I don’t plan to go back to DC just yet, but I will be visiting my US family as usual later this summer.

Meanwhile I’d love to hear your summer memories and great suggestions for keeping cool.

***

You may also enjoy The March on Washington.

 

#TBT Alexandria, 1956

I’ve blogged before about Suez, because it’s when my mother wrote her first book. This week, Nadia, a character from my next novel, gives her own take on 1956.

It began on July 26, when I was ten and a half years old, or, as I preferred to say, nearly eleven. The whole affair was about a canal and a dam.

Here’s the crucial thing: President Gamal Abdel Nasser was most interested in canals and dams.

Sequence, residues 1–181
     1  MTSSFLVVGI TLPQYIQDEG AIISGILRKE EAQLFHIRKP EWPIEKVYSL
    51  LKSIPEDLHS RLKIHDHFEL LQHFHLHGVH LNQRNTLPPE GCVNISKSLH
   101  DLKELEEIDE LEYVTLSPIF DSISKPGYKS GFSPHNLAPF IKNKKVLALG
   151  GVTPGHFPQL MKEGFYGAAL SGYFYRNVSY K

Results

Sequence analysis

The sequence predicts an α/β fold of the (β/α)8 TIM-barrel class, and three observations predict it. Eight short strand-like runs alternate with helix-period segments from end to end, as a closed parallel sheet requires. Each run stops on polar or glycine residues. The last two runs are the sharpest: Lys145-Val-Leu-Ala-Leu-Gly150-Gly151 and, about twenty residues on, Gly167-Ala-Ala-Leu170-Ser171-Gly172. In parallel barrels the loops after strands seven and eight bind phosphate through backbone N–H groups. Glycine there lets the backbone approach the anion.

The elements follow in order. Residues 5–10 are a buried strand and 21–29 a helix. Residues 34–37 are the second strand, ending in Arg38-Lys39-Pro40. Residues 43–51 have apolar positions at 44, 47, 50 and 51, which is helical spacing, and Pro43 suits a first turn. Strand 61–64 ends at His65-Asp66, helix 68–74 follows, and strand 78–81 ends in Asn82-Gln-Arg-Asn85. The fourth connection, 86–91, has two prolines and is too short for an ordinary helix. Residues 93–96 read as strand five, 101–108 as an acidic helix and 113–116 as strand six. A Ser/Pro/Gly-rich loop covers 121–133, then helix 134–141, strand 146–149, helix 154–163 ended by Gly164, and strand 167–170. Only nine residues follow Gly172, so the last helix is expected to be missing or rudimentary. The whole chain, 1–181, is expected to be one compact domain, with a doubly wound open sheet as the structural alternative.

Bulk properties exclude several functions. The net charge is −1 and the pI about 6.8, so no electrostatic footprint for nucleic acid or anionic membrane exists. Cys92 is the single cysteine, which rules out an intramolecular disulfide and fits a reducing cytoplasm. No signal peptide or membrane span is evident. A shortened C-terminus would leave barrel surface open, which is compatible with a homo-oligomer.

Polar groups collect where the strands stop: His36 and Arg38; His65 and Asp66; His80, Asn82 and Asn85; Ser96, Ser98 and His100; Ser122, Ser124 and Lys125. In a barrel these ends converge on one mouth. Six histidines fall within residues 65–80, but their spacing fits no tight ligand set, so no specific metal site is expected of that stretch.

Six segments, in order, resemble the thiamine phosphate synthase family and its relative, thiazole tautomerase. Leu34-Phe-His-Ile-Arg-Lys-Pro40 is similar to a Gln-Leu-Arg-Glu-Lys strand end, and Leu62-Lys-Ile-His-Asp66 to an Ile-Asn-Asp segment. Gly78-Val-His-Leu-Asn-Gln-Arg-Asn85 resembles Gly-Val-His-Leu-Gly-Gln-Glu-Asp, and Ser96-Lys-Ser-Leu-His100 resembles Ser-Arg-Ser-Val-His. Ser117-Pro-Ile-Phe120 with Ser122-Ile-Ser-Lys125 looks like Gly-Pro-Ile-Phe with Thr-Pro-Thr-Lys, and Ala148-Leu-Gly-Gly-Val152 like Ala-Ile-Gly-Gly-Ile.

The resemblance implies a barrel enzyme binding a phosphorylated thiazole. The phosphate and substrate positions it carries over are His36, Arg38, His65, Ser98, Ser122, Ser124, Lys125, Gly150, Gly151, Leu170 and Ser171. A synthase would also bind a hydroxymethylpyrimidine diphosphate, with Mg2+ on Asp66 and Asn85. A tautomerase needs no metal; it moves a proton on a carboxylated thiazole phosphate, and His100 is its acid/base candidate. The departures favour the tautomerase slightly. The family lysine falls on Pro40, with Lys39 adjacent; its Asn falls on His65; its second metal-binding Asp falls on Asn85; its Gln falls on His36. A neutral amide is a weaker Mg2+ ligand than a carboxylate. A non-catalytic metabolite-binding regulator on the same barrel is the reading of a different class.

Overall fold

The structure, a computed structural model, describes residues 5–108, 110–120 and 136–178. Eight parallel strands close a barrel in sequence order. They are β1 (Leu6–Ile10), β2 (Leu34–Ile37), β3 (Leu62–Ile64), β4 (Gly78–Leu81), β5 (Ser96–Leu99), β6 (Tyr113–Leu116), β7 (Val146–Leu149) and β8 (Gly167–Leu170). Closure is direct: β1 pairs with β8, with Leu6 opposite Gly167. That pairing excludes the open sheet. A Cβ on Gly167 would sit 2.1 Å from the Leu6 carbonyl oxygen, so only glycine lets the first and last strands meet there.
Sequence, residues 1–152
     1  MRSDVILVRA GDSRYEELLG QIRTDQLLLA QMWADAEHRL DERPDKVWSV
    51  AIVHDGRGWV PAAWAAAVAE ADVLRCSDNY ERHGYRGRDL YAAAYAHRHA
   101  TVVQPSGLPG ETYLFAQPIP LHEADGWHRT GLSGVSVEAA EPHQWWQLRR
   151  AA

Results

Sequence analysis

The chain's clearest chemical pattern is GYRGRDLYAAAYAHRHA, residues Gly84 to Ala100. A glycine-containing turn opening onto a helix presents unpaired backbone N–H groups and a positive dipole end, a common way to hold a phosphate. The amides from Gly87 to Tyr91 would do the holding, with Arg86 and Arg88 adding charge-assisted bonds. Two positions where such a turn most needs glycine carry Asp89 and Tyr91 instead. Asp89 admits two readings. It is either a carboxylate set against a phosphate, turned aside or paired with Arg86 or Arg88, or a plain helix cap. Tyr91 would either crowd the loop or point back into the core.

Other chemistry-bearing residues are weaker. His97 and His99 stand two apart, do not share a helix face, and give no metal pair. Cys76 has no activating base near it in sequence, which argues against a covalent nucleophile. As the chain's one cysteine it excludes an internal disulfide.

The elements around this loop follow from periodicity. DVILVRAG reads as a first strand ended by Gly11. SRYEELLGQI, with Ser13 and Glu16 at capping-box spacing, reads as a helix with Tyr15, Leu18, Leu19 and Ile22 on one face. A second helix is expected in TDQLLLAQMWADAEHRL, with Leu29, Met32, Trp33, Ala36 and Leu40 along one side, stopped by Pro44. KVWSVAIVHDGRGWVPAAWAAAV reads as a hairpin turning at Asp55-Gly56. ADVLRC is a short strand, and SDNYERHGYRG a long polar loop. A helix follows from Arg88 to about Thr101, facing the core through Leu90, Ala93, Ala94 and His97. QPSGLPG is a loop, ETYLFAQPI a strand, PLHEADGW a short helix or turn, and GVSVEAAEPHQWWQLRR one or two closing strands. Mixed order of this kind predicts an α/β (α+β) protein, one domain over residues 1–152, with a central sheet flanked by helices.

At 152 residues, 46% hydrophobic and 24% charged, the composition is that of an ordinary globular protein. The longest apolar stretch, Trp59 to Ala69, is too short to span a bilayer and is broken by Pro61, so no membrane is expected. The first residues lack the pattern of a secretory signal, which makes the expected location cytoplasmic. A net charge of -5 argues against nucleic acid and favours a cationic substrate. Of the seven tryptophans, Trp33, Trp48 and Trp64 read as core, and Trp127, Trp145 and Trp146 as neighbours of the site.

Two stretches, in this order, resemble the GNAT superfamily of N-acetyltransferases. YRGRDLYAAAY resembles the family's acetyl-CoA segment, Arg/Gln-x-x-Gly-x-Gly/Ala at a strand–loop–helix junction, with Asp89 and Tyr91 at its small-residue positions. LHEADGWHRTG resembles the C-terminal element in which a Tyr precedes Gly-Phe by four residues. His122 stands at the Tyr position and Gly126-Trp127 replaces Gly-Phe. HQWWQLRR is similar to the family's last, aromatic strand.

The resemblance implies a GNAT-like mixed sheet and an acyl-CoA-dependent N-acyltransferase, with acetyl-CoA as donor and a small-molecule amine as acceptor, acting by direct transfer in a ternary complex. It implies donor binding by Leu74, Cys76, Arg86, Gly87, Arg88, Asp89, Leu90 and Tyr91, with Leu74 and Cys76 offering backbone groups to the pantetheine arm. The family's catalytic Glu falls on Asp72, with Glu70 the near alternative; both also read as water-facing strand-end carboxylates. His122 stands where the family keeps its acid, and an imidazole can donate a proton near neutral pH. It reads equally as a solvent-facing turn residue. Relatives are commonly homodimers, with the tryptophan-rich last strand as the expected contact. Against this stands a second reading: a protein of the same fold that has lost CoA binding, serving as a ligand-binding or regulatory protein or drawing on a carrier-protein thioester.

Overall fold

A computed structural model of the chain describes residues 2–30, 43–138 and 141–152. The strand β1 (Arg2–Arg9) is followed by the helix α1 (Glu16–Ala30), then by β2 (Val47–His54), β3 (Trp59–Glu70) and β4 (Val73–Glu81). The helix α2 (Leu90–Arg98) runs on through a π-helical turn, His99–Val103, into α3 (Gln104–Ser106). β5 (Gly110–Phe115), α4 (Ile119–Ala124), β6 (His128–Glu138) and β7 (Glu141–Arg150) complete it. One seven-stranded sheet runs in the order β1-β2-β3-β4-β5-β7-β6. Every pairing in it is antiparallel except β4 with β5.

Nasser was a very big man, with a strong jaw and huge teeth that he displayed whenever he smiled. That night in 1956 was the anniversary of the revolution, so the president celebrated by giving a long speech, right here in Alexandria, in Mansheya Square, where there’s a massive statue of Mohammed Ali Pasha, wearing a turban and brandishing his sword, sitting atop his horse.

As usual when anything interesting happened, I had been sent to bed instead of being allowed to stay up. My parents told me about the speech the next day, which is hardly the same thing. I relished the idea of Nasser brandishing his words like a sword, and I was especially sorry to miss the firemen dispersing the crowds. FreeImages.com/AntonioJimenezAlonsoAlthough I had no real opinions on politics, I liked listening to the president on the radio. Unlike a lot of important men who like to make themselves sound clever by speaking in a formal version of Arabic, Nasser spoke a colloquial language that every Egyptian could understand, even a child of nearly eleven. That, I thought, was much cleverer.